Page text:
Monday, March 19, 2012

Oppression in Ava Homas’ “Wind through my hair”


Stuck Behind the Glass Window:
Oppression in Ava Homas’ “Wind through my hair”
                                                             By Melissa Teixeira
 A very strongly opinionated narrator Azar, fights the daily pressures a single woman faces in Iran. Yet, the only person she can talk to, can only see her late at night when others are not around. “Wind through my hair,” by Ava Homa allows readers to bounce around in Azar’s mind as her need to escape becomes so strong that she strains her current relationships with her good friend, Reza. This plot, although relatively straightforward, leads the reader to experience her life over the course of a few days as a divorced single woman in Iran desperately trying to escape her current situation yet, fighting personal internal struggles. Homa’s limited omniscient narration shows her protagonist’s self-inflicted oppression in relation to the confinement of political regulations, society expectations and family ideologies.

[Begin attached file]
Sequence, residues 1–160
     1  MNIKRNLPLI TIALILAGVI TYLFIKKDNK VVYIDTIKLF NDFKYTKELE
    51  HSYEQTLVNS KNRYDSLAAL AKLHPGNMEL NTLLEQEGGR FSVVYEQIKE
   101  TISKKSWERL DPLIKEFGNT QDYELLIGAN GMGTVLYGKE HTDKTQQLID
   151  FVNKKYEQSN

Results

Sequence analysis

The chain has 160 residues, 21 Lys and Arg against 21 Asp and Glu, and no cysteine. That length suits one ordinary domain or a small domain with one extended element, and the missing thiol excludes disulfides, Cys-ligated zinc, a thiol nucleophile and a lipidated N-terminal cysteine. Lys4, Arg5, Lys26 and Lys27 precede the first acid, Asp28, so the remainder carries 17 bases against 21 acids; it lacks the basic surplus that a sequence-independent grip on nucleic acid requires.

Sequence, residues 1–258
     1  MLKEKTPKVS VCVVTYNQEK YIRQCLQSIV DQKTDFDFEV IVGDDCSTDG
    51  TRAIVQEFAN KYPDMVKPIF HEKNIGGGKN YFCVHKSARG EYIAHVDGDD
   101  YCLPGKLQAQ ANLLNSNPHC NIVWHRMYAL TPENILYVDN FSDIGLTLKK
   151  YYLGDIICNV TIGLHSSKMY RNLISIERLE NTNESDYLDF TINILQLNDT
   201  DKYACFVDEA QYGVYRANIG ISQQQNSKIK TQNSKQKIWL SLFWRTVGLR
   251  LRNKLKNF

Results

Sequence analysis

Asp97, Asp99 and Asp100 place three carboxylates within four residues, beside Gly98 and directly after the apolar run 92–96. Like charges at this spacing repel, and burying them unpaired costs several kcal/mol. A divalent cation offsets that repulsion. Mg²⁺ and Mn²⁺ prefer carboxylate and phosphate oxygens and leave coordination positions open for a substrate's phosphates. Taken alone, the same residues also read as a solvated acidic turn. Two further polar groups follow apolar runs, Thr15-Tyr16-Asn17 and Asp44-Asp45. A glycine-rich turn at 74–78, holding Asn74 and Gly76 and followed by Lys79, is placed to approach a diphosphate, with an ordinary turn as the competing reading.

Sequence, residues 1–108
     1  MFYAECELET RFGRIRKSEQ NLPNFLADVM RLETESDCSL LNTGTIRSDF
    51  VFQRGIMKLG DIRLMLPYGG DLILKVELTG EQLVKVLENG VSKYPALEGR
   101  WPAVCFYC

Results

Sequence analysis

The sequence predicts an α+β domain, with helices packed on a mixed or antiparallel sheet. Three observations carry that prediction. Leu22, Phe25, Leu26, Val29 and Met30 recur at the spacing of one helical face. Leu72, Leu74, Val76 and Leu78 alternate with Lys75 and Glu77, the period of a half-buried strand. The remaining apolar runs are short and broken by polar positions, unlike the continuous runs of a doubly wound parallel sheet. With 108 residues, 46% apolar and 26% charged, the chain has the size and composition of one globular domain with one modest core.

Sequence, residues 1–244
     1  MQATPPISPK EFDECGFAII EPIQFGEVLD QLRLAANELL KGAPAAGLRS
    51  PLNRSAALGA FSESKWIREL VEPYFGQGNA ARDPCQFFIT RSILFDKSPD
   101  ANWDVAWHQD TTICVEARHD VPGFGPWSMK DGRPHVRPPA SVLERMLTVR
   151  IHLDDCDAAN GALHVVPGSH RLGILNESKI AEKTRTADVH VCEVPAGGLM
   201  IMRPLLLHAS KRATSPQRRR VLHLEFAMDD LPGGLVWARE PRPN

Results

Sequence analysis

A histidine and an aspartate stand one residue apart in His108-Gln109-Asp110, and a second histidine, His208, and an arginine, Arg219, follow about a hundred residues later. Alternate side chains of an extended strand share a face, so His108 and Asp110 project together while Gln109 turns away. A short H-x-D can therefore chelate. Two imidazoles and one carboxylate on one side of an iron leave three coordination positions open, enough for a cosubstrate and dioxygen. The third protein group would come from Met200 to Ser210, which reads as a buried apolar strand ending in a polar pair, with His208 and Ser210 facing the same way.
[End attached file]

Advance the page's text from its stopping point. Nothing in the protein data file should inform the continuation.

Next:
Homa first introduces the character of Azar in her car headed home. She has loosened her headscarf to allow the wind through her hair and switches the radio from political information to listen to the stereo, humming along with the song “take me away.” By using the imagery of her hair blowing in the air humming to this song, it allows the reader to connect with the main character on a personal level and allows us to believe that she too deserves the sense of freedom. At this point the author has set ground for the reader to begin to understand the characters need to escape and the significance of the title of the short story. The society in which the context of “Wind through my hair” is set, introduces the elements of political tension in the protagonist’s life and the dreams of escape she longs for. Azar shows her further frustration with the political society when she says, “… you shouldn’t expect otherwise in a country ruled by the ‘Representative of God’ on earth (18)”.  Homa continues this story by allowing us into the mind of the character where she debates calling her friend Reza while looking for money to pay Liar, her lawyer, help her get out of this “Islamic Pigsty (20)”.  The context of the story tells us that there is political strife happening in Iran through different regimes and Azar says, “ If ‘they’ didn’t arrest people for committing the crime of hanging out with people of the opposite sex, or because our clothes, hair, or eyebrows don’t look the way they want them to, we could go instead of staying in (22)”. The reader quickly understands that if it weren’t for these political restrictions or “they” the government, the protagonist could do so much more to live in her life.  She tries to “Just get rid of the polluted air!  [She] push [es] aside the curtain and stick[s] [her] cheek to the corner of the windowpane and look[s] at the city lights, the skyscrapers, until [her] breath makes [her] vision of the outside blurry (17-18)” The polluted air becomes a reference to the corruption of the societal and political aspects of the country. As the character then pushes the curtains away to look out the glass window at the “city lights” and “skyscrapers” we understand that she longs for what is beyond the restrictions of the city.